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Saturday, October 19, 2019

Maritime Logistics Professional

September 17, 2019

Marine Cargo Insurance Market Still Not Profitable

Sean Dalton, IUMI Cargo Committee Chair: “Exposures will continue to increase for the cargo underwriter.” (Photo: IUMI)

Sean Dalton, IUMI Cargo Committee Chair: “Exposures will continue to increase for the cargo underwriter.” (Photo: IUMI)

Sean Dalton, Chair of the Cargo Committee of the International Union of Marine Insurance (IUMI) has said at the organization’s annual conference in Toronto, Canada, that there has been a 2.5 percent increase in 2018 global premiums to $16.6 billion but that this increase was largely attributable to growth in global trade and exchange rate fluctuations. He added that the marine cargo market was in a state of “accelerating change” driven by underwriters taking action to address unprofitable results and to improve performance.

Dalton stated: “On a global basis, the cargo line is unprofitable and has been for a number of years. Premiums have not been technically adequate to cover losses and expenses and, as such, have not delivered an acceptable return for capital providers. A significant reason for this ongoing situation is the commoditization of this speciality line of business which has lowered entry barriers and attracted new entrants, some of whom are now exiting.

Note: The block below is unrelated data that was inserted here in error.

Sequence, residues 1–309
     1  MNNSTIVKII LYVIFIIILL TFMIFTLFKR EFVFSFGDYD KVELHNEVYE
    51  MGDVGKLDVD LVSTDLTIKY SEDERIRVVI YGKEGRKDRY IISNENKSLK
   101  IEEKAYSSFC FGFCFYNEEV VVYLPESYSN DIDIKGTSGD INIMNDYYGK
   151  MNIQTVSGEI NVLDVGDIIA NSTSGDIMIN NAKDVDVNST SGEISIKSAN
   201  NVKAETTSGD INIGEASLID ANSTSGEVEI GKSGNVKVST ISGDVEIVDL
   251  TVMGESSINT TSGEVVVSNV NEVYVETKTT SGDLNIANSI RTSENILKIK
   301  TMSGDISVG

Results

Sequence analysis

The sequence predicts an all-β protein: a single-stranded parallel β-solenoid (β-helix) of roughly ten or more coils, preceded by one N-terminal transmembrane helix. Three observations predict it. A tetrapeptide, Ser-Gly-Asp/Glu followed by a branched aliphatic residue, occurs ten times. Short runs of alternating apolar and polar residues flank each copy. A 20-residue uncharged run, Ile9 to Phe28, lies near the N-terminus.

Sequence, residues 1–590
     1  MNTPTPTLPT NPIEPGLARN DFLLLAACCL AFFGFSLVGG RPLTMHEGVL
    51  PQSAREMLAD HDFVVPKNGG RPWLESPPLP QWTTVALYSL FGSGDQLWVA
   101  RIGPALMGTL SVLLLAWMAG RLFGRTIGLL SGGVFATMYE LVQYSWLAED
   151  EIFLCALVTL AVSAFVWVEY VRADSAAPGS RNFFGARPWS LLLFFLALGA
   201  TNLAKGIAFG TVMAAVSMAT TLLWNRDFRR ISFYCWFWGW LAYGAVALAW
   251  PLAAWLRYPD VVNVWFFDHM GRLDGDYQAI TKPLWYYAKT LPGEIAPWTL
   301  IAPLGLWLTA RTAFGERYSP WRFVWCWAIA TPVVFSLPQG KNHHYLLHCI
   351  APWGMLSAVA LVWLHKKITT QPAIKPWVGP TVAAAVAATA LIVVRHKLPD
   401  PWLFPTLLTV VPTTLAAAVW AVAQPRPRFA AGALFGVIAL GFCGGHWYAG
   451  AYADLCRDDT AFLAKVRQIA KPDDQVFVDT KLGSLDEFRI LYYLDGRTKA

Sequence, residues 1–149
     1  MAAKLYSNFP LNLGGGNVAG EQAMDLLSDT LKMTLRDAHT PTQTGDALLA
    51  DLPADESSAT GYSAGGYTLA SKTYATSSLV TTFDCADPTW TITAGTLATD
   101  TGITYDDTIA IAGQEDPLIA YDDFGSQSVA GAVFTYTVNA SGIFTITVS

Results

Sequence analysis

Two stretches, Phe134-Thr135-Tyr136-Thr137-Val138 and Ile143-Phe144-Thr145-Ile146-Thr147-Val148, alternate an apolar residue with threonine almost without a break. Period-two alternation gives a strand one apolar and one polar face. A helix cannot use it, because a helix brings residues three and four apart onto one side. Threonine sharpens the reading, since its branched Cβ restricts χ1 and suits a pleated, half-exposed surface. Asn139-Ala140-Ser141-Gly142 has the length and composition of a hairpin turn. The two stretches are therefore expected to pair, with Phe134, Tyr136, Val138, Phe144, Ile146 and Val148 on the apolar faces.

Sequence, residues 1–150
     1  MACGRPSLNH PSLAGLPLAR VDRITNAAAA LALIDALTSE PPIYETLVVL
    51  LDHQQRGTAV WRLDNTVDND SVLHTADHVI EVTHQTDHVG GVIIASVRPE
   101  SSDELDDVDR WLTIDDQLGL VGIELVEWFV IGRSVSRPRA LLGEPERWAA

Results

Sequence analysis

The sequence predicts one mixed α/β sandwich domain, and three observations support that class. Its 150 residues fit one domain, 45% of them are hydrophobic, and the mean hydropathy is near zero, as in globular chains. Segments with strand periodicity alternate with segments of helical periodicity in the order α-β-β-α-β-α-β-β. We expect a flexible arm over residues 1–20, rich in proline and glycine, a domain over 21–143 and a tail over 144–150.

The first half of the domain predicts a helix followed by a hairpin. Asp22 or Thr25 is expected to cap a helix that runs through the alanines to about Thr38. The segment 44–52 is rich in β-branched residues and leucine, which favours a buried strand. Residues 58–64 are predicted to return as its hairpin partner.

“As result, underwriters are addressing their portfolios with urgency and reviewing technical rate adequacy, expenses, terms and conditions, deductible levels, and capacity/limit deployment. A greater focus has been placed on commitment to business, stability and capabilities to ensure underwriters deliver a stable offering that can be robustly delivered.”

According to IUMI, world trade global growth is expected to be 2.6 percent in 2019 and 3 percent in 2020 and says that this, coupled with governments in emerging markets investing in infrastructure and promoting domestic manufacturing, gives a positive outlook for cargo insurance. The marine insurers’ body noted, however, that weaker economic projections and concerns over trade wars could “dampen expected growth and are of concern”.

Dalton concluded: “In addressing these issues, cargo insurers are encountering old and new challenges. These include compliance, sanctions, war, emerging risks and new coverage requirements. With each cargo insured loss there are related uninsured losses. These might include business interruption due to supply chain issues, trade disruption, or loss of market.

“Emerging technologies may provide tools and capabilities to enable the development of new products, he continued. “To meet these needs, cargo underwriters must get the basics right if they are to be in a position to capitalize on future opportunities. It is certain that exposures will continue to increase in size and complexity for the cargo underwriter and this will require a sustainable approach to the business to meet the demands of the present and the future.”

Canadacargo insuranceInternational Union of Marine Insurance